© 2019 Hope4Congo


Congo Daily Life, Part 1

For the next three weeks Hope4Congo will share a series of stories
from Brad’s most recent trip to the DRC.


Daily Life in Congo means: Hunger, Malnourishment, and Suffering

In March 2019 I visited the provincial capital, Tshikapa, in the Kasai province of the Democratic Republic of Congo. This area was deeply affected by the Kamwina Nsafu uprising. Many people fled for their lives during that time. They left the area and/or went into hiding.

Southern Kasai region’s massacres and mass graves of 2017 have given way to general insecurity. Personal safety concerns remain after two years of poor harvests – hunger and malnourishment. The suffering and pain was palpable as I moved about this region.

I had been to Tshikapa on several occasions in the past but this time was different. Things were tense. People were living on the edge.

Over the next weeks I want to share three stories from my time there in an effort to make us more aware of what life is like for many in Congo as well as other countries where there is extreme political unrest among societies mired in poverty.

During breakfast with our host at Tshikapa, he introduced us to a small girl. She was about seven or eight years old. Scars around both wrists of her crippled hands suggested some type of injury.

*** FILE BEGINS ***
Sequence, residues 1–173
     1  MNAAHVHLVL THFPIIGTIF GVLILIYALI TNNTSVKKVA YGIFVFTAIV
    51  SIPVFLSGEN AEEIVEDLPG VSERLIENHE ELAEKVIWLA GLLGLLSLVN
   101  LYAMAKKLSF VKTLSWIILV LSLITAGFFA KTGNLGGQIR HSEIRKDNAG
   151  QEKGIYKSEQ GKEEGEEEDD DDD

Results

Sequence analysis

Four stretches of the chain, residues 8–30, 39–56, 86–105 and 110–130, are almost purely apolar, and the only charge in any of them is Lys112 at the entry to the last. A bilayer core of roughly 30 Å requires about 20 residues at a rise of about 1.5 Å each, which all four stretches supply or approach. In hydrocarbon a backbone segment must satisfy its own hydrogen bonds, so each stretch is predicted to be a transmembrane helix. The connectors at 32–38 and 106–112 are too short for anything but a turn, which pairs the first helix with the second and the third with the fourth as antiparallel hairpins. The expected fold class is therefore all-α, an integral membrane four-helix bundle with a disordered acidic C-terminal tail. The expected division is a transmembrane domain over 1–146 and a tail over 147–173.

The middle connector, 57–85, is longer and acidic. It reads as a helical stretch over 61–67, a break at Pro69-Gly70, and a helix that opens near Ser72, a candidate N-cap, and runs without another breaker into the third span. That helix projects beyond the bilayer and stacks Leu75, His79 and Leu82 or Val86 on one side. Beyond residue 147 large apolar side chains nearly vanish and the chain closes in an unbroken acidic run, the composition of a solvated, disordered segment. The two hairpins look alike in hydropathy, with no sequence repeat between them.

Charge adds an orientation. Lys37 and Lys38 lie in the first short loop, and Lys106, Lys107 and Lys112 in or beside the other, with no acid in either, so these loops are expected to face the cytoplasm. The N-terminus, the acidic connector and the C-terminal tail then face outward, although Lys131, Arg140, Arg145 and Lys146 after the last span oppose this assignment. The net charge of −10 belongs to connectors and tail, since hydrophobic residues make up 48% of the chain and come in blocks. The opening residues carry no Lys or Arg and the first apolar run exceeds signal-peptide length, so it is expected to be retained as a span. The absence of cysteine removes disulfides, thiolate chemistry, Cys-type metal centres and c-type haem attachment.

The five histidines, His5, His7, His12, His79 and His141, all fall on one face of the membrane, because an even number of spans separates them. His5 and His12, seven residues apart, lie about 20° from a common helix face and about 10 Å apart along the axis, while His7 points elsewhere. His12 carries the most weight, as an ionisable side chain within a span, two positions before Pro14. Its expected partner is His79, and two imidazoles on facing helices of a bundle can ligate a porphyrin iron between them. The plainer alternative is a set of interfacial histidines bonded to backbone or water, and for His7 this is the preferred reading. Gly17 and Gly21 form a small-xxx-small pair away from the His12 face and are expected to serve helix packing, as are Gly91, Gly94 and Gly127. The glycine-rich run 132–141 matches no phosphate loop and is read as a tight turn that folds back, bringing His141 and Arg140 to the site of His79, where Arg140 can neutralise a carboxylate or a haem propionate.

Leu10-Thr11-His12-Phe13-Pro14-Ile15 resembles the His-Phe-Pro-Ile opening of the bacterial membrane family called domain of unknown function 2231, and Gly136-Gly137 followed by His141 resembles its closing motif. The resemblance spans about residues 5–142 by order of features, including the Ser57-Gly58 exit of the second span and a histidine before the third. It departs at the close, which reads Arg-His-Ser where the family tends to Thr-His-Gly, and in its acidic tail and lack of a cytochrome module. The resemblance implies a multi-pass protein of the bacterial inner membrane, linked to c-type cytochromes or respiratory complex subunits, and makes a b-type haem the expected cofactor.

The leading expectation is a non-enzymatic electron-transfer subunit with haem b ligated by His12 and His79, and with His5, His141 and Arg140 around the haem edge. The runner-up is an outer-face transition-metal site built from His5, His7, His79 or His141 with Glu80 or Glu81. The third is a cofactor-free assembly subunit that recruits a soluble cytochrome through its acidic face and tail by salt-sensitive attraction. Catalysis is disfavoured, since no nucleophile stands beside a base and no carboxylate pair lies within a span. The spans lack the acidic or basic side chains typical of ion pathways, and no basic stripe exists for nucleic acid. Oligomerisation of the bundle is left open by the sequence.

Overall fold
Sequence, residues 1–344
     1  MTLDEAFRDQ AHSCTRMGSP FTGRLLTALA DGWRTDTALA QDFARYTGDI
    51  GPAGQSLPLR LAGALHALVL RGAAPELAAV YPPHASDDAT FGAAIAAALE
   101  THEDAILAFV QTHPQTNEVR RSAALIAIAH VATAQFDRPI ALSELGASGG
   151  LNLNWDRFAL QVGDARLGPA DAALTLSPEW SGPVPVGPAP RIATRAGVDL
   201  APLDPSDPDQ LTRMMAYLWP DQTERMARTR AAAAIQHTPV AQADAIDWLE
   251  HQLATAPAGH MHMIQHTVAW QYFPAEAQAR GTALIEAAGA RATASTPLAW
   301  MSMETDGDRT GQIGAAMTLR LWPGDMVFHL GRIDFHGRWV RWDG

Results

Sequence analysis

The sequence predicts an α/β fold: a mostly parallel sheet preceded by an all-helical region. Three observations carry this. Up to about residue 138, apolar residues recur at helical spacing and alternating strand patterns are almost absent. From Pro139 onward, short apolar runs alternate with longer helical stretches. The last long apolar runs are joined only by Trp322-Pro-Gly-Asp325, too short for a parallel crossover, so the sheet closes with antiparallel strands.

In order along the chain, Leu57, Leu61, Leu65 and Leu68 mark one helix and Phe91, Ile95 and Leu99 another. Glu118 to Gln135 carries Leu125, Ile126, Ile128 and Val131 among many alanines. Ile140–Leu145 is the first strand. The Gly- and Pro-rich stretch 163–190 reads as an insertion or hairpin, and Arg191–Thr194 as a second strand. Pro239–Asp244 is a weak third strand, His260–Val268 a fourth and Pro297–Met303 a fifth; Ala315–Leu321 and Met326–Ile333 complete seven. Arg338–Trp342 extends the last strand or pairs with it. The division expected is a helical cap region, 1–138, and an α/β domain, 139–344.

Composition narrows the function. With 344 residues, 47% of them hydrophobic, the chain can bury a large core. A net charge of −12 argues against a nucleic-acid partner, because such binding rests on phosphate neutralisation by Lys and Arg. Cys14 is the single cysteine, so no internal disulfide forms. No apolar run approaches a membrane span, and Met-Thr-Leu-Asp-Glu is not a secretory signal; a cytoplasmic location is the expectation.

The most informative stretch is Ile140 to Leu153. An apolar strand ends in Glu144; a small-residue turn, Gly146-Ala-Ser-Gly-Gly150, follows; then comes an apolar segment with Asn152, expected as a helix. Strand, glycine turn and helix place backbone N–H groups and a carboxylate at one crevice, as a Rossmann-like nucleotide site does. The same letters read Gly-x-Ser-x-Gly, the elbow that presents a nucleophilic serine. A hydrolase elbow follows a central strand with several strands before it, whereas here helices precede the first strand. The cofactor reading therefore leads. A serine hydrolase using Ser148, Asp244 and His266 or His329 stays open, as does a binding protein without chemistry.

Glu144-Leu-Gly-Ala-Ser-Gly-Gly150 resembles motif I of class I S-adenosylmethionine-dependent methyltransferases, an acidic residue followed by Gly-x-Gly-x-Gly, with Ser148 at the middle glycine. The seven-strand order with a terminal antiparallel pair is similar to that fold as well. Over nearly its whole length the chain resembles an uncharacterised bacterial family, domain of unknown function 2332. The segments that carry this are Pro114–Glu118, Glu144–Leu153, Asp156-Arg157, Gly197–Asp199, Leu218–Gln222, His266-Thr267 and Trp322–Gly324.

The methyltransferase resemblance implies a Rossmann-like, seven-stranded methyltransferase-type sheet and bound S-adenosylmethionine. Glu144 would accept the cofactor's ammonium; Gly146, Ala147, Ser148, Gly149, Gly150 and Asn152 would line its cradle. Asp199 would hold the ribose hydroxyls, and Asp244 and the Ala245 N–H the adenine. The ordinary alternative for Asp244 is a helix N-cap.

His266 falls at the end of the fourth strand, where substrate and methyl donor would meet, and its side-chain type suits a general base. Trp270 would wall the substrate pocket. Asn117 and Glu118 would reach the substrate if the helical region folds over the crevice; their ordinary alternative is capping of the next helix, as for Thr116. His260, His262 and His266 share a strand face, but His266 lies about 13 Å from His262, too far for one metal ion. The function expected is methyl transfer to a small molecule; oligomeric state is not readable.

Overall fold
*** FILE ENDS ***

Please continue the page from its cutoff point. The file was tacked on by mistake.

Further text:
My host told me her story. She and her younger sister were at home with their parents when some militia entered their home and fired on the family to kill them. In her terror and fear she hid behind her mother and wrapped her arms around her mother’s waist.

Her father and mother fell to the ground. Terrified and crying, this girl and her little sister ran from their hut through the village. Someone reached out to them to ask what the problem was. They told this person they had been attacked and their parents had been killed by the militia.

This person took the children under her care. She learned that the father had been killed, but the mother survived unharmed. The daughter had saved her mother’s life when she wrapped her arms around her mother’s waist.